Now that we have looked at some ways that your child’s behavioral progress can remain steady over the summer, let’s think about all that academic progress they made over the year. Although we know that ASD is a social disorder, we also understand that it can impact learning. Many students with autism have to work significantly harder than their typically developing peers to retain the same information. Three months off from learning can lead to several months of academic regression (loss of skill). Here are some things you can do to help your student stay on track for the following school year:
Read, read, read!- Have your student read, read to them, and let them see you read. Most libraries offer a summer reading program, free of charge, for students and adults. Who doesn’t like to get prizes for reading? You could also start an in house book club where you read the same book your child is reading and discuss the book together. Asking your child wh- questions about what they have read or what you have read to them helps build on their comprehension skills. Don’t worry too much if your child wants to read books that seem too easy or only wants to read graphic novels. Any reading is good reading!
Check your student’s backpack- Anyone here guilty of hanging up the backpack on the last day of school and then forgetting about it (and the contents- including that last day of school lunch!) until the week before the next school year starts? If you are, you are not alone! A lot of teachers are now sending home packets of optional work that can be done throughout the summer to stay on top of skills learned over the course of the past year. Our teachers at Oakstone Academy are adept at sending home work that matches the academic ability of each student, rather than printing an “INSERT GRADE LEVEL HERE” packet and sending it home with everyone. As students get older, there may even be assigned work to complete for the next year. Checking for that now will save everyone a headache the night before school starts!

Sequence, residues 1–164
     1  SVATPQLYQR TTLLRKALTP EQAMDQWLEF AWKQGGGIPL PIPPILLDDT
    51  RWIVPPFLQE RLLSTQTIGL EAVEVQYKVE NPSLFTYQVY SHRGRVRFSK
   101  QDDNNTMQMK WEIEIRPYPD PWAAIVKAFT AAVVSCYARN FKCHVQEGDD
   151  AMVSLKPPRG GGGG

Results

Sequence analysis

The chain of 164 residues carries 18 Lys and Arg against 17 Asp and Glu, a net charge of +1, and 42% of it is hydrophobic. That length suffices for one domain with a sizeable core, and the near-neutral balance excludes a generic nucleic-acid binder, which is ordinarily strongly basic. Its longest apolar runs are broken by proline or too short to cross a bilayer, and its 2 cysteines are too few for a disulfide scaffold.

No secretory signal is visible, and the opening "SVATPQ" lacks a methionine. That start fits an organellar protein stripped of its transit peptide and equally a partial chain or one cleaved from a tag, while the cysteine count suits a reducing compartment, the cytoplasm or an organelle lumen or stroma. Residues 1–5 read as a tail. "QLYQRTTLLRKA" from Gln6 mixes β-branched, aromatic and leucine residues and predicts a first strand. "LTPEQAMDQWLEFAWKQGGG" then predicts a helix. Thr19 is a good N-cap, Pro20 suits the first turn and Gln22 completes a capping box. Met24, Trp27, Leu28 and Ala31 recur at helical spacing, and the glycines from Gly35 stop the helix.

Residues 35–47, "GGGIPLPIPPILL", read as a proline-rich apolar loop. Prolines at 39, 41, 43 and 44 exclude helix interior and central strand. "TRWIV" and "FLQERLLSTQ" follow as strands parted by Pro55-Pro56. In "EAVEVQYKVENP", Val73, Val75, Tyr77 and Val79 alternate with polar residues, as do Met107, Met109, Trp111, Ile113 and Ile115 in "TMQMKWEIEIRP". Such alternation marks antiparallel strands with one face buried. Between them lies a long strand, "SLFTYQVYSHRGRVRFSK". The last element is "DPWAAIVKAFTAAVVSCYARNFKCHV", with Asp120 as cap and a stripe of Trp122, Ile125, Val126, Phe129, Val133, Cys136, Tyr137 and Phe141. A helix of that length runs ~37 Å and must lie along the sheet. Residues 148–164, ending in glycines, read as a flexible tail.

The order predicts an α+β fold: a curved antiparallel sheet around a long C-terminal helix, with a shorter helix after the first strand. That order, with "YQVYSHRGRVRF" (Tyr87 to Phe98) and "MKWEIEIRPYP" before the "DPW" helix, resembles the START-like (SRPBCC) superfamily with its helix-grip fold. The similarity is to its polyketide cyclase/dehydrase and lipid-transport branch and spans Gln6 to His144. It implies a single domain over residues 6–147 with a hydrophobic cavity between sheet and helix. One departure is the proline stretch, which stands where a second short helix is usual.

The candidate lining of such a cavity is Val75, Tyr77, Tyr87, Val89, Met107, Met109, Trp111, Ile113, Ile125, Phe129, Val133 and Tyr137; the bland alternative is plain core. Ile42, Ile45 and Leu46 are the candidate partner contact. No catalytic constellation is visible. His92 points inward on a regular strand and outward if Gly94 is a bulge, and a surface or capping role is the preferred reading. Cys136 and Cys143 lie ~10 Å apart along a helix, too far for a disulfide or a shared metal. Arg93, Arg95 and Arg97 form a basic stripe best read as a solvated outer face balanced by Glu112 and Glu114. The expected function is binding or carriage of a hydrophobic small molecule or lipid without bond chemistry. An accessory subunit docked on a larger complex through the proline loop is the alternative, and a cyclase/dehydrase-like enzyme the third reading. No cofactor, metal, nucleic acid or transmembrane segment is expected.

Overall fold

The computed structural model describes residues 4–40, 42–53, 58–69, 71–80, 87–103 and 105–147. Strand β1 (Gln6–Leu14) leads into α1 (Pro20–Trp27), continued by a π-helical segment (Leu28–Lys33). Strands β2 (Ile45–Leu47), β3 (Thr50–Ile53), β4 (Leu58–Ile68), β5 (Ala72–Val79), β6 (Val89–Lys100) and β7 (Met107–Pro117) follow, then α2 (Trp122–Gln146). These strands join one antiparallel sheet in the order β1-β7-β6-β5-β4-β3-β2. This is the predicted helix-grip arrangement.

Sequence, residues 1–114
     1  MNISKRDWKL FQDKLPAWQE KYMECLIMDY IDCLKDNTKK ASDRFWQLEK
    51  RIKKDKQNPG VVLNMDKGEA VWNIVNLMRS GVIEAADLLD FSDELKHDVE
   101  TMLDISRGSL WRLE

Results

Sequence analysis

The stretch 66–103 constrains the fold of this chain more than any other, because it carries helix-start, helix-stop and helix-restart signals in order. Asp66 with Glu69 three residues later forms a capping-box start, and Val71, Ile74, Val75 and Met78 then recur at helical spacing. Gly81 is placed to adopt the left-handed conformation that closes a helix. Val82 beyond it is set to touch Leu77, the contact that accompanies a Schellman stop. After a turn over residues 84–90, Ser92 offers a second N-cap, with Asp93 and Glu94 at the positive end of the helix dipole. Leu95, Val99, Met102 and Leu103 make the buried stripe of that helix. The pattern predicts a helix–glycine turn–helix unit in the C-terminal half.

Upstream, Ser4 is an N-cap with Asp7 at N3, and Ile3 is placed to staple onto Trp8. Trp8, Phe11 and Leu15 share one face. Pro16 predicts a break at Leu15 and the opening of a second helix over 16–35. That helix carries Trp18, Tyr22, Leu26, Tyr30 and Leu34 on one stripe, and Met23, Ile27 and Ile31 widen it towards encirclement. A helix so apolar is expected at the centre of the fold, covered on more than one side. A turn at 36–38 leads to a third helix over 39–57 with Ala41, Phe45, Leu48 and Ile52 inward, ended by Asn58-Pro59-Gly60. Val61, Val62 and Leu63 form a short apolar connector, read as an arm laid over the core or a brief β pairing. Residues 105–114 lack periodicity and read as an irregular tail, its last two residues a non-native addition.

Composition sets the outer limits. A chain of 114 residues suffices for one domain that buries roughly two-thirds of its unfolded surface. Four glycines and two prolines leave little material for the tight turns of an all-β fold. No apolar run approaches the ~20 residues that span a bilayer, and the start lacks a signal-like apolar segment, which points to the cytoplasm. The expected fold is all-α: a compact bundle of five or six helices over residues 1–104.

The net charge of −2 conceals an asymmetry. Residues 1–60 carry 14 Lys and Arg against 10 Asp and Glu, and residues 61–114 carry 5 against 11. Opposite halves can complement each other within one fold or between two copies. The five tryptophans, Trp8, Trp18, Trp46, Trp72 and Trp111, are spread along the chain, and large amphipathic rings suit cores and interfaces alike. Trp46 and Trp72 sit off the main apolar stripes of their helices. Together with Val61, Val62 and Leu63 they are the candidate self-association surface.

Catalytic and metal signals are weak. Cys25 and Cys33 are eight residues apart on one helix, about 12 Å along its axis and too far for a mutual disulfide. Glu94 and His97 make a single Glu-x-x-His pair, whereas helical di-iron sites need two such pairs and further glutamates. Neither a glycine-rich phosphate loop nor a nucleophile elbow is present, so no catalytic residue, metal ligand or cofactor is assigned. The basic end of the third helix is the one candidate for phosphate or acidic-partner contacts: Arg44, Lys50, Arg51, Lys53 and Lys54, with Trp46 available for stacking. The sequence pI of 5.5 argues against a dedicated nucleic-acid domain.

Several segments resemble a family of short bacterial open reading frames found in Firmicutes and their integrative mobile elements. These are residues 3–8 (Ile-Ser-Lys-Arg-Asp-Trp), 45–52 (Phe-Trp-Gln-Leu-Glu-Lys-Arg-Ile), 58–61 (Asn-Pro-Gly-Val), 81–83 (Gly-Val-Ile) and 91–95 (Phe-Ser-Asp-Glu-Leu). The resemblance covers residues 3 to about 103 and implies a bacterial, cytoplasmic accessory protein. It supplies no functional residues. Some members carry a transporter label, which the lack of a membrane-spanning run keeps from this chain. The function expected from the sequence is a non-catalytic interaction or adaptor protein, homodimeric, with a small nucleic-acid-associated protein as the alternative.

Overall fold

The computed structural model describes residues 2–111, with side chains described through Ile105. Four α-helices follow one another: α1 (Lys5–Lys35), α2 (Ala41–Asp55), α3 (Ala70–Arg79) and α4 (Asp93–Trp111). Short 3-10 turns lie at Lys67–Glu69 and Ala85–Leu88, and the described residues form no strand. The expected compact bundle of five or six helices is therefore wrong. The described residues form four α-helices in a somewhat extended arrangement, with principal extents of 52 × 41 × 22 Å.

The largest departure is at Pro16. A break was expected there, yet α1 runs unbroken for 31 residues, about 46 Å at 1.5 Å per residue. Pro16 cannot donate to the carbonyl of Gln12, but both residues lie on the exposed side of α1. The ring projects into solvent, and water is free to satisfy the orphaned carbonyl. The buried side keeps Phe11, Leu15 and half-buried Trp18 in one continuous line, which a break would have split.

Practice writing over the summer- Have a preschool student who is just learning that what comes from the pencil has more meaning than just scribbles? Play tic-tac-toe to practice the pre-writing skills of straight and curved lines. Have a young learner who just recently learned to sound out words? Have them help write the grocery list. It may take longer, but they will have a sense of ownership and get some practice writing- and may not grumble as much when having to leave their video game to go with you to the grocery store. Older writers can write letters or emails to grandma and grandpa, keep a summer journal, or write a response about the book they are reading. If writing by hand is stressful, working on typing skills can really help. Typing.com is a great free resource to teach typing.